Yves Smith and Rob Parentau write,

Over the past decade and a half, corporations have been saving more and investing less in their own businesses. A 2005 report from JPMorgan Research noted with concern that, since 2002, American corporations on average ran a net financial surplus of 1.7 percent of the gross domestic product — a drastic change from the previous 40 years, when they had maintained an average deficit of 1.2 percent of G.D.P. More recent studies have indicated that companies in Europe, Japan and China are also running unprecedented surpluses.

Pointer from Mark Thoma.

Keynesians believe in the paradox of thrift. Saving never increases investment. Instead, if any sector of the economy tries to increase saving, the result is to reduce income. From this perspective, any sector that increases its saving is doing harm, and often Keynesians will go so far as to attribute sinister motives. This means that when the balance of savings shifts, the Keynesians attribute sinister motives to the savers. Keynesians are inclined to blame savers for changes in identities.

Let us walk through some accounting identities involving saving.

1. National saving = trade surplus

This, like all accounting identities, is true always, by definition. It is true whether or not saving is a good thing. It is true whether the economy is strong or weak.

The principle of blaming the savers would tell you that countries running trade surpluses have sinister motives. Hence, Paul Krugman’s view of China and Germany.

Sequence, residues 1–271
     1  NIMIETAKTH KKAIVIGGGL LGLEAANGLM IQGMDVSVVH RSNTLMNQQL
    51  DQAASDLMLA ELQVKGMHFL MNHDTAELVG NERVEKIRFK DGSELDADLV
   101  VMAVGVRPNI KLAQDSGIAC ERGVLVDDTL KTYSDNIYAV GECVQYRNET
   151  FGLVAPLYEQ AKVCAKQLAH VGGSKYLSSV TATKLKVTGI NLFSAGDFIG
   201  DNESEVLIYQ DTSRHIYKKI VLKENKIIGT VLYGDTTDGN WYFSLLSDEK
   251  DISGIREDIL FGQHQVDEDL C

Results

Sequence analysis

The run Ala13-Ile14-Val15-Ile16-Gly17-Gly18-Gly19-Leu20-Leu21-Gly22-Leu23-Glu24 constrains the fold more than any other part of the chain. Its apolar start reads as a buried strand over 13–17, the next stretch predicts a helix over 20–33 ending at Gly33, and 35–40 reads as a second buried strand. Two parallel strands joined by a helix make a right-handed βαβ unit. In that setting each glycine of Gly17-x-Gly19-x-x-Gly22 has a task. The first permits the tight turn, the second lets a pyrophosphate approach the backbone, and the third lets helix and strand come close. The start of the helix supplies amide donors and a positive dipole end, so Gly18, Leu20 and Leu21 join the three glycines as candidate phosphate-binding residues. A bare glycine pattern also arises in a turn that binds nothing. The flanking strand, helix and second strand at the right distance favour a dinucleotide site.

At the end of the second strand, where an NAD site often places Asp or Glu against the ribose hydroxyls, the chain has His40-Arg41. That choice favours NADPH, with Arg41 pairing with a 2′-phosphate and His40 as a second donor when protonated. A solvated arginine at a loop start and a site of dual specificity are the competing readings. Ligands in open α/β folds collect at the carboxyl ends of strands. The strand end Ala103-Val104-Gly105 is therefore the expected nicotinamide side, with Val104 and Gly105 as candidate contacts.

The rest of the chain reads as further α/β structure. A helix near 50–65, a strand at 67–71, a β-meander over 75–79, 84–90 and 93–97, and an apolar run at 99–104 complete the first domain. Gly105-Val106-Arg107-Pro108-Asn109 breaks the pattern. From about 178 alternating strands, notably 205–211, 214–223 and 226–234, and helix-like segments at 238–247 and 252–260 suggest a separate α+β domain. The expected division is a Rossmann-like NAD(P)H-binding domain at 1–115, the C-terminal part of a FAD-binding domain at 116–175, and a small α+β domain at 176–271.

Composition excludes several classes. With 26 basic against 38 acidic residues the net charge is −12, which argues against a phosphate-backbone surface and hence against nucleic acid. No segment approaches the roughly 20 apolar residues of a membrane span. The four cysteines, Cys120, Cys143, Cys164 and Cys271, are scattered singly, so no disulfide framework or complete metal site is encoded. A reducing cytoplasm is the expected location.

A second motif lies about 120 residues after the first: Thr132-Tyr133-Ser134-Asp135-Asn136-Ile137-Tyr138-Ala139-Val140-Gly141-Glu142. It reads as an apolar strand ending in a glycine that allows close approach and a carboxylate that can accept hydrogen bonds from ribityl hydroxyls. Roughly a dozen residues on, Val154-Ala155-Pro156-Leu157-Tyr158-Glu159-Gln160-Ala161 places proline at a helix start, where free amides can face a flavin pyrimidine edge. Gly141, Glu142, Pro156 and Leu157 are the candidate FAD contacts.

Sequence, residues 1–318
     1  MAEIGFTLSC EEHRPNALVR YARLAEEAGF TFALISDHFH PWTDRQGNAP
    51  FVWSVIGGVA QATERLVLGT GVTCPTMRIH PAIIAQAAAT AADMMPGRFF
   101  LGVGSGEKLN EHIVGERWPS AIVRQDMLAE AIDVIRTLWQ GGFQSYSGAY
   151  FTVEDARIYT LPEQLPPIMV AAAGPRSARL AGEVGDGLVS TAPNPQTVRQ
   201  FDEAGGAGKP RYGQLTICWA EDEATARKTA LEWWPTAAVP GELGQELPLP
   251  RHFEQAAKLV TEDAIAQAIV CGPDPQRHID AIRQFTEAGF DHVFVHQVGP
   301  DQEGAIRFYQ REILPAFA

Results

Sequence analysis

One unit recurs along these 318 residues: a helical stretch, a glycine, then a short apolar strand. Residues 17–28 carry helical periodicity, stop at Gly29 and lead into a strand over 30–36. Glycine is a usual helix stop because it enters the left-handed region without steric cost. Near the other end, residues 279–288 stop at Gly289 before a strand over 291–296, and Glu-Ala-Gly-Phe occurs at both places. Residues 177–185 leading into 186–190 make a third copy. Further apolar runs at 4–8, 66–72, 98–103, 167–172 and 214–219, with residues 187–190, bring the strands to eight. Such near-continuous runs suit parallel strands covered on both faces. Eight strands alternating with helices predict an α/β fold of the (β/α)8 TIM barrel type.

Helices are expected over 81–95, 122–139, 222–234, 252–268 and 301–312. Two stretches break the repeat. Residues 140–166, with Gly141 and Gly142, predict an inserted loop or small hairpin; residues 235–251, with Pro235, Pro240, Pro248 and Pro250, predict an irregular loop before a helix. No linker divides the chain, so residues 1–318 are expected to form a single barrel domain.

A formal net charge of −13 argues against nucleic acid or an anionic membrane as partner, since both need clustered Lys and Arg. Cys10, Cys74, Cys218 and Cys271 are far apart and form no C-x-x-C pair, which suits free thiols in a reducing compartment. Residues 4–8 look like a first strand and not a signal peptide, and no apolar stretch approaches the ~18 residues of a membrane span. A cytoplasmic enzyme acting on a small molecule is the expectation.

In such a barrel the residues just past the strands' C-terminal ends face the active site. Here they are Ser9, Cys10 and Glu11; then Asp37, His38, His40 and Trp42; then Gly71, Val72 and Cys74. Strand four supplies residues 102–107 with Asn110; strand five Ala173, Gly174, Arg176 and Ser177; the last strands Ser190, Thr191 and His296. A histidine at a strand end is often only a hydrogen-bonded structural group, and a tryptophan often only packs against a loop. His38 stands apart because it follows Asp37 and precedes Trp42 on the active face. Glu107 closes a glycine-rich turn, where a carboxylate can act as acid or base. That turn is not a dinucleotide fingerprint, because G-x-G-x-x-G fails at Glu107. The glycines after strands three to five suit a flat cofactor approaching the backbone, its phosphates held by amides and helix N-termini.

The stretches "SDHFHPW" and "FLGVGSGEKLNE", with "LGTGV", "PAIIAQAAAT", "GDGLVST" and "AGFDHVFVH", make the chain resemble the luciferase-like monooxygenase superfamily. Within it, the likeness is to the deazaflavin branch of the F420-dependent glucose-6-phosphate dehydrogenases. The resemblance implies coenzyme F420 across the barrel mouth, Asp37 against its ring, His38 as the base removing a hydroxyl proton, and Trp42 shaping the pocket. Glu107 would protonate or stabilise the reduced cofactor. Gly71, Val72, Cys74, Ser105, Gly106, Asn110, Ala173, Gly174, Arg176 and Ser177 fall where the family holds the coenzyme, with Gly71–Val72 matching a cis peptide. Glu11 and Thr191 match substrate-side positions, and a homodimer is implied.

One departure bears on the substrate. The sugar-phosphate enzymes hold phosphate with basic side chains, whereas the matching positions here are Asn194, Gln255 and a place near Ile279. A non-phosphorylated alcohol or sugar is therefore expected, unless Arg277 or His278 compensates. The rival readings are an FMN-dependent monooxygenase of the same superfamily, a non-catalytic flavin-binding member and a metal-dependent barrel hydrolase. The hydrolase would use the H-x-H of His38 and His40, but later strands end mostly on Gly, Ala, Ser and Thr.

Next, take the trade surplus as given. For any given level of national saving, we have:

2. Net private saving = government deficit

Net private saving is private saving minus private investment. The principle of blaming the savers would tell you that the private sector is behaving badly when its saving is high. The government only needs to run a deficit because the private sector is being stingy with spending.

Next, take both the trade surplus and the government deficit as given. For any given level of net private saving, we have:

3. Net corporate saving = net household investment

Net corporate saving is retained earnings minus corporate investment. Net household investment is purchases of houses and consumer durables minus household saving. Once again, the principle of blaming the savers would tell you that when net corporate saving rises, it is because corporations have sinister motives. Hence, Smith and Parentau write,

The reason for all this saving in the United States is that public companies have become obsessed with quarterly earnings.

The thesis that savers are driving these identities could be correct. However, one might tell the story differently. That is, one could choose to blame the spenders. It could be that the U.S. trade deficit is caused by the lack of U.S. national saving, rather than excessive saving by China and Germany. It could be that the high government deficit causes savings to rise elsewhere (including in China and Germany, as well as private sector saving in the United States). It could be that massive spending by households during the housing bubble caused savings elsewhere to rise (including in China and Germany, as well as the corporate sector in the United States). Then when massive spending by government kicked in during the last two years, savings elsewhere had to rise, including the corporate sector.

I do not like these latter interpretations any better. In general, I think it is really bad economics to tell stories about accounting identities that blame one side of the identity or the other. Instead, economists should trace movements in saving and investment back to exogenous factors that affect relative prices, including risk premiums. Unfortunately, when it comes to looking at savings identities, a sort of Gresham’s Law seems to apply in the media. Bad economics drives out good.